frontline: the long walk of nelson mandela
the prisoner

Fatima Meer interview EXCERPT

During Mandela's Black Pimpernel phase, he was undisciplined to the point of cavalier and reckless.

Well, it would be sort of double edged. He would be very conscious of the indiscipline and indiscretion of others, but in himself, he would take his chances. I mean, if he didn't take his chances, where would he be today? If he sort of retained himself in a cautious groove or something, now you wouldn't have the Mandela that you have.

So Mandela had to have that adventurous streak, and, of course ,that adventurous streak is reflected in the fact that he goes underground, he becomes referred to as the black pimpernel. I recall ... he was underground. Now he comes and he stays with us, here, in this house in Sydenham. Both of us had already been banned, and were in the eye of the authorities. So how safe was that? But he was comfortable.

... The very next morning, he is in front of the mirror shaving away, and the phone rings, and I answer it and another friend, wants to know whether Mandela was delivered safely. So I am absolutely flabbergasted. And I say to him, "What Mandela are you talking about. There's no Mandela here." And then I say to Nelson, "Oh, so and so phoned and wanted to know whether you were here." So he just flew into a rage, and he said, "Don't they know of such things as telephone tappings." You see what I mean. He was enraged that the other person was reckless, but his own recklessness did not really occur to him.

He took chances even when they were living in that house in Liliesleaf. He would have the family visit him over weekends. Winnie would take the children over there. They took their chances. They had to live. They had to live dangerously and they did so.

When he came and stayed with you, was this before his Africa trip? ... this must have been shortly before his arrest.

... This was before his Africa trip, because then he came back and he came to Durban, and he reported on his Africa escapade to Chief Luthuli. And then, of course, he has another what you might call bit of adventurism or recklessness.

We had a lovely party. He wanted to meet all his friends, and he wanted to meet them together, and he wanted to do it as a lovely big party. So at the house of G.R. Naidoo ... also in Sydenham, there was this party, and we all arrived there. All his friends, and we had a lovely, lovely party and there was he was. all dressed up in his guerrilla uniform, looking very splendid. Very broad shouldered, not the man you see today. His face also was rounder. And then he left from that house, and on the way he was arrested, driving his boss's car, who was Cecil Williams.

There were lots of his comrades in Johannesburg who said, "don't go down to Natal." Did you know this.

No, I didn't know that.

But going to this party with lots of people, the more people you have, the higher the chances of some kind of informer ...

Of course. Of course.

It was madness. When he came back from this African trip ...

But don't you think that history sort of ... what's the word I'm looking for?

Absolves him.

Well, justified it. I mean, it was a nice fling, and whatever happened later on, justified that fling. It was all part of his destiny. You can't plan things too much. Take your chances.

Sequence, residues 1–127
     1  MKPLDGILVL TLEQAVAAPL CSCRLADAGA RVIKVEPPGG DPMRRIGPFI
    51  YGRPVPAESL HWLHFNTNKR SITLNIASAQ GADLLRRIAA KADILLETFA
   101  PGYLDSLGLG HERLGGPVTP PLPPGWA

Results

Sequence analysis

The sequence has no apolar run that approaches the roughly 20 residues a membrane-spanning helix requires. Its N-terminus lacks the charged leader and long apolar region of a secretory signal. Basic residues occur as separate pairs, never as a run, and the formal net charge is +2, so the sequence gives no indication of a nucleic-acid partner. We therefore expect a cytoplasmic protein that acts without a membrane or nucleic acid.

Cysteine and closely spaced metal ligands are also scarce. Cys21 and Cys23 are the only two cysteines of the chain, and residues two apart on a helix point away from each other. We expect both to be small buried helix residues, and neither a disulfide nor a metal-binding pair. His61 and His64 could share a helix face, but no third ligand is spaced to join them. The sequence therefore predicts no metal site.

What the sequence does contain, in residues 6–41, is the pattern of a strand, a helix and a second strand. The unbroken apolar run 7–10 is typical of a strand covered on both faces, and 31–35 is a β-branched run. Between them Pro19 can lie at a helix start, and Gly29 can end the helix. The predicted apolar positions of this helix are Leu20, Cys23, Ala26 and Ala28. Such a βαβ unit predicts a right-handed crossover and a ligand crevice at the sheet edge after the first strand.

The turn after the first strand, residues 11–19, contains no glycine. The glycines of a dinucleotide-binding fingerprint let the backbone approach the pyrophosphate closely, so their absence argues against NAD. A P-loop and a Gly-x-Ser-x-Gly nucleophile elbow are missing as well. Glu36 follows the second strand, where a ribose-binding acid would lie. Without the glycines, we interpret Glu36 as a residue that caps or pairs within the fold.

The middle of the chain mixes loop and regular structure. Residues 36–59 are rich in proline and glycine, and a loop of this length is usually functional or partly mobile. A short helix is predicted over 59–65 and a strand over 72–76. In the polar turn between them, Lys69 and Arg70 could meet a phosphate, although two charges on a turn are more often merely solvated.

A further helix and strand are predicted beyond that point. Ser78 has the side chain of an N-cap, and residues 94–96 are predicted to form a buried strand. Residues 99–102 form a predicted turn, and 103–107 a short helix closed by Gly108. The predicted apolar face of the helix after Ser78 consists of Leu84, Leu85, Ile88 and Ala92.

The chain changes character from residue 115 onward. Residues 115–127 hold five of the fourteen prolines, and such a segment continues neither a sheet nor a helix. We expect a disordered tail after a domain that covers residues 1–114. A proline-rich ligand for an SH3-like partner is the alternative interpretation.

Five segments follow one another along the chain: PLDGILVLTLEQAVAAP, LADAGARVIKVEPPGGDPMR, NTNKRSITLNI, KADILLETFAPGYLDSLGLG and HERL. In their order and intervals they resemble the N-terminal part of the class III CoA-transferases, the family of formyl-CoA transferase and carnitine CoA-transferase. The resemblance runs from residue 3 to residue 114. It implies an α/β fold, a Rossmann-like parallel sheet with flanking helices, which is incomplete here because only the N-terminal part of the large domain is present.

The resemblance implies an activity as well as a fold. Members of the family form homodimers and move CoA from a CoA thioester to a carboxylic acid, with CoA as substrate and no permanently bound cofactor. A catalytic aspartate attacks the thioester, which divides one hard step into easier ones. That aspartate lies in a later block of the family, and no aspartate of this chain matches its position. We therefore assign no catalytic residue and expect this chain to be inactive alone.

When he returned from his Africa trip we have heard he came back ... more conscious of his African identity and perhaps also more "guerrilla-ish."

Ja, guerrilla-ish, but you see, he had already shed his Africanism. It was through the shedding of his Africanism that the ANC also broadened its whole world view and its South African perspective. And when he went overseas, I think the strongest support ... which is often recognized as not being African, from Tunisia, from Morocco. These were the places from which his greatest support came and his training. His training was done in Algeria. You see.

So I can't see him coming back more African, but he had by then come back far more confident in himself, and far more confident in the status and role of the ANC because he had managed to garner such a lot of support for it. So this was probably being misread as an Africanism. Certainly, he was very imbued with the sense of Pan Africanism, but it was not in a racial sense at all.

You said at this party he was wearing his guerrilla uniform. We have heard he was told to shave off his beard, but he refused. Did he enjoy that role ...

No, it wasn't that kind of enjoyment. It was almost a kind of a puckish enjoyment, as if - well, we've done all these things and we've got away with it. We've beaten them, because in those days, there was a great game also going on between us and the Special Branch. And to get an opportunity of telling the Special Branch off. You never lost such opportunities. So there was also an open fight going on between you in the movement and the Special Branch, so there was a puckishness about it all. Not an arrogance.

Which suggest that that Black Pimpernel label is fairly close to the mark. He took great delight in ...

Tweaking the king's beard. That's it ... tweaking whoever though, the prime minister in those days ... even before he went, when you had that big conference in 'Maritzburg and there is was decided that he would go underground and make this call for a national strike. It gave him great pleasure. That kind of tweaking, puckish pleasure when he phoned the newspapers and said, "We are going to do this, and we are going to do that, you see."

So there was almost a sense of fun ...

Well, we all had fun in the struggle. We had our bad moments, but there was a lot of fun in the struggle and all that fun is gone now.

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